Google executives believe that technology can help journalists sort through data and focus more on in-depth reporting
Technology and innovation in journalism will allow reporters in the region to focus more on in-depth coverage as more time-consuming tasks become automated, according to Google executives.
Last week, Google News Initiative announced plans to launch an “innovation challenge” aimed at finding ways to engage readers and increase revenue in the Middle East and Africa.
The programme, which is open to anyone employed in the news ecosystem, will see winning projects be awarded 70 percent of the necessary funding, which Google will cap at $150,000.
Projects will also be considered that seek to find ways to diversify revenue streams, such as through loyalty or subscription programmes.
Speaking to local reporters, Madhav Chinnappa, a former Associated Press journalist who now serves as the director of news ecosystem development at Google, acknowledged that the use of technology in newsrooms is a cause for concern for many journalists who fear their own jobs are at risk.
“That’s an obvious fear. [Reporters should] step back and ask how technology aids journalism,” he said. “The idea is to use technology to do some of the heavy lifting in areas that you might not be able to do, such as analyse big data cells from things such as the National Health Service.”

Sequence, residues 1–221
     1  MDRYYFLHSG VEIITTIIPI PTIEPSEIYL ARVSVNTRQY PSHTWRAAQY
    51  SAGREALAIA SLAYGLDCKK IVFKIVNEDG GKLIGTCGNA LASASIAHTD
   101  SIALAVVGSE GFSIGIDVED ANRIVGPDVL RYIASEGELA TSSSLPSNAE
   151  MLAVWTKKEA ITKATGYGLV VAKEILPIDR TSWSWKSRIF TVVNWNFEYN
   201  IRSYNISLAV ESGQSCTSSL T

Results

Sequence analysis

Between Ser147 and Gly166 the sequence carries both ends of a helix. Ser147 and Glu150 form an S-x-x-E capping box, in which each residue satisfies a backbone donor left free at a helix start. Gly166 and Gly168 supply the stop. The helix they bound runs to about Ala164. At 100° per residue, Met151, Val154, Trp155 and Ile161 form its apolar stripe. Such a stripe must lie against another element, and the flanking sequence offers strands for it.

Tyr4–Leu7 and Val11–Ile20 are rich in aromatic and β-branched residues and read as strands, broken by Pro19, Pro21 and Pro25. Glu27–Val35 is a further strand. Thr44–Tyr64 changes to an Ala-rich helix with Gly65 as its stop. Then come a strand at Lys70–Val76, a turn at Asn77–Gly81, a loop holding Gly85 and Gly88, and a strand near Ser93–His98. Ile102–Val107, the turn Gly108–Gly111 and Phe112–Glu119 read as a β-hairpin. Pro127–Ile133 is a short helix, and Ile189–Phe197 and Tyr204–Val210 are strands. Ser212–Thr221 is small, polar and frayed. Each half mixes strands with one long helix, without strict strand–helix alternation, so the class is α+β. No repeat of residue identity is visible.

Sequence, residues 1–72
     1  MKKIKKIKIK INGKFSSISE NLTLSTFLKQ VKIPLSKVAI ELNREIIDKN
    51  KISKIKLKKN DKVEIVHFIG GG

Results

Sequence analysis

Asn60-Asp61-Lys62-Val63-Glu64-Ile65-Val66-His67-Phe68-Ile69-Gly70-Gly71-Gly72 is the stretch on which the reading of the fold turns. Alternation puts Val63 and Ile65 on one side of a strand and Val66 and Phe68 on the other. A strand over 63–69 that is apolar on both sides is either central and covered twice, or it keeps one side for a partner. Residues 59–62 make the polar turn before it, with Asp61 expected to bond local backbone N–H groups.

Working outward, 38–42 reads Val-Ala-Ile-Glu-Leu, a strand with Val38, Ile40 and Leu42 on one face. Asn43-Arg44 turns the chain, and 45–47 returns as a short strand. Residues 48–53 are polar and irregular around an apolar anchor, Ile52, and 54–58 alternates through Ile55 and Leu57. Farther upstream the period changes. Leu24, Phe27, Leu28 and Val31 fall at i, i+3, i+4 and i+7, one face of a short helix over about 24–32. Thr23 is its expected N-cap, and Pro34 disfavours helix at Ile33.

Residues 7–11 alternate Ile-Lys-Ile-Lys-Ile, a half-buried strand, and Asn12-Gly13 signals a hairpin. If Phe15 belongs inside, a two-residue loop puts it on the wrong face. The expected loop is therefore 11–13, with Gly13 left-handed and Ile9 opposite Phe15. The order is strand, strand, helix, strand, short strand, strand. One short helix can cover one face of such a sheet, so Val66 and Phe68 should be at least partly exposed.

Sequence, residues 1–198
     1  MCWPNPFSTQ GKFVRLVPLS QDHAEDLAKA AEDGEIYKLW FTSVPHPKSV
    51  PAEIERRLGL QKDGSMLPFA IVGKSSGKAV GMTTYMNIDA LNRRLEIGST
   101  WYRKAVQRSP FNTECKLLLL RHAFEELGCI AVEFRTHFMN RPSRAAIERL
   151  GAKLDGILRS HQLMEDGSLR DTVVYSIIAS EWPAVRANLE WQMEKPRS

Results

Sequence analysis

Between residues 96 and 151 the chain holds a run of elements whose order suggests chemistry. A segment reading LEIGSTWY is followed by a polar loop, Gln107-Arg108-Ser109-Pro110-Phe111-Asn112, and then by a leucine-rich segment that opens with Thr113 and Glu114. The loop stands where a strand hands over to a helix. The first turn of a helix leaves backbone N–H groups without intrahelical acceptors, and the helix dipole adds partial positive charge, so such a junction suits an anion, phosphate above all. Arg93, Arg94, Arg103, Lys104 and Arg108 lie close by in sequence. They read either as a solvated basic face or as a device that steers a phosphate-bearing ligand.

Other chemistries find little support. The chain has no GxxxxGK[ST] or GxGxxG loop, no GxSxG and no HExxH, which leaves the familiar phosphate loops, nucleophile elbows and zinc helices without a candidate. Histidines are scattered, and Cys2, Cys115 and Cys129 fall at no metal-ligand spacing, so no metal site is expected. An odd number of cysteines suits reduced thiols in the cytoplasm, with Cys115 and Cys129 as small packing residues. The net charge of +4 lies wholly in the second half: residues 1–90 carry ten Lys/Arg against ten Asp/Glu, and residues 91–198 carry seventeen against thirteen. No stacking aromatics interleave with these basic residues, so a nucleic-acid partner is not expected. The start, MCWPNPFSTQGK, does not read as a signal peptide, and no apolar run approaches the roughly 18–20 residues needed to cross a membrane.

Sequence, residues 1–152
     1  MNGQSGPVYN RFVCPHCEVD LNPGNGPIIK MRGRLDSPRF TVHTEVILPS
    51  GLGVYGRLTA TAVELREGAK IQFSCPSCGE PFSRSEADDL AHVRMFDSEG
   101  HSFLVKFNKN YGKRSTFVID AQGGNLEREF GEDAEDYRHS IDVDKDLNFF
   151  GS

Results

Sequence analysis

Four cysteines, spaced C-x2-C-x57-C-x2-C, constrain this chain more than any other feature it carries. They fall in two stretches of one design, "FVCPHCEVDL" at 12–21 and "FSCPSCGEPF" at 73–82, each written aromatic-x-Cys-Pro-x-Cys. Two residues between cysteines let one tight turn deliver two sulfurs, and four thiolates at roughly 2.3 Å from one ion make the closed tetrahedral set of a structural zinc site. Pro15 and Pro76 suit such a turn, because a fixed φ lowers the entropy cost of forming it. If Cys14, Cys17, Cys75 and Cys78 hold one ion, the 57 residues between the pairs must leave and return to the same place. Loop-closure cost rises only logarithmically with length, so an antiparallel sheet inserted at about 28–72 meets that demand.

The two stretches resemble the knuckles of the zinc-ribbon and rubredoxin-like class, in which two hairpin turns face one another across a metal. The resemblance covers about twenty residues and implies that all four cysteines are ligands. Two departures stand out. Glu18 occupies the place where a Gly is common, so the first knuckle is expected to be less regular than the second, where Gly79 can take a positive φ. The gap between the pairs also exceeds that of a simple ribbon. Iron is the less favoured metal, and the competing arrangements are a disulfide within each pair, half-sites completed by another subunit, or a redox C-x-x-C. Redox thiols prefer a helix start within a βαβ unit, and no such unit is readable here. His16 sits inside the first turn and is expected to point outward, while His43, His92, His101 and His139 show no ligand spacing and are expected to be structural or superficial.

As an example, Chinnappa pointed to the UK Press Association’s ‘Radar’ project that received $794,000 from Google’s Digital News Initiative in 2017.
The project – which stands for ‘Reporters and Data and Robots’ – uses artificial intelligence to scale up the volume of local stories and allow journalists to identify stories that require more in-depth, human reporting.
Ludovic Blecher, the head of Google news initiative innovation, said that technology can “give time to journalists to go and really do their job.”
In another example, from Belgian business newspaper, L’Echo, technology is being used to automatically generate personalised newsletters.
“They are using automation in order to do part of the work that is super repetitive and super time consuming in order to give journalists the opportunity to add value to everything,” he said.
“When they have very specific aggregated data, [the system] can write specific snippets automatically, but the journalists on top of that can create value through interviews and more in-depth stories,” Blecher added.
In March, Google announced that it would allocate $30 million over the next two years to launch five editions of the challenge programme covering North America, the Middle East and Africa, Europe, Latin America and the Asia Pacific.